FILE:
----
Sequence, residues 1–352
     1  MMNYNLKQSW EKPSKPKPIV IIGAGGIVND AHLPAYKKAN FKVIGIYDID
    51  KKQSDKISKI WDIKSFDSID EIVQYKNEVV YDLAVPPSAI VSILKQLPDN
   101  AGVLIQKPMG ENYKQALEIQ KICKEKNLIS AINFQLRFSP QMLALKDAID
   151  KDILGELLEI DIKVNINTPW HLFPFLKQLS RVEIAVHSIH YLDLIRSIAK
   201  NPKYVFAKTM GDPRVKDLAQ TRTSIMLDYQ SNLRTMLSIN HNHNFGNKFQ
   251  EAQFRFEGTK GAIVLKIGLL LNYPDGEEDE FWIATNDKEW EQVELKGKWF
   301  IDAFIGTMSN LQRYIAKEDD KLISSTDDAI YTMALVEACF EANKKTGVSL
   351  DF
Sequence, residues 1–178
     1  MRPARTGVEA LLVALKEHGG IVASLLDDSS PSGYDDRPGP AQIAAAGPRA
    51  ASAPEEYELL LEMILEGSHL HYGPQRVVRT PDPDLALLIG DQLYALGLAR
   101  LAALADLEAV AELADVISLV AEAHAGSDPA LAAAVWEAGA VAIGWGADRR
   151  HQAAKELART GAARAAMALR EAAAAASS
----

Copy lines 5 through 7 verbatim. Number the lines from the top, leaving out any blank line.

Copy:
   151  KDILGELLEI DIKVNINTPW HLFPFLKQLS RVEIAVHSIH YLDLIRSIAK
   201  NPKYVFAKTM GDPRVKDLAQ TRTSIMLDYQ SNLRTMLSIN HNHNFGNKFQ
   251  EAQFRFEGTK GAIVLKIGLL LNYPDGEEDE FWIATNDKEW EQVELKGKWF